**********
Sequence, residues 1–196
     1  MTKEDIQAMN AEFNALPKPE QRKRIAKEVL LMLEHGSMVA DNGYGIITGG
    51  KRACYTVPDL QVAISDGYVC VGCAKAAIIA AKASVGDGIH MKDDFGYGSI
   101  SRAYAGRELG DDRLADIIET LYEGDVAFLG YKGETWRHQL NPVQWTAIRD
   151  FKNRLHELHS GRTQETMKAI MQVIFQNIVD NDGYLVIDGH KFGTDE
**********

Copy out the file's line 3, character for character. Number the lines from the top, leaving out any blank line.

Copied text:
    51  KRACYTVPDL QVAISDGYVC VGCAKAAIIA AKASVGDGIH MKDDFGYGSI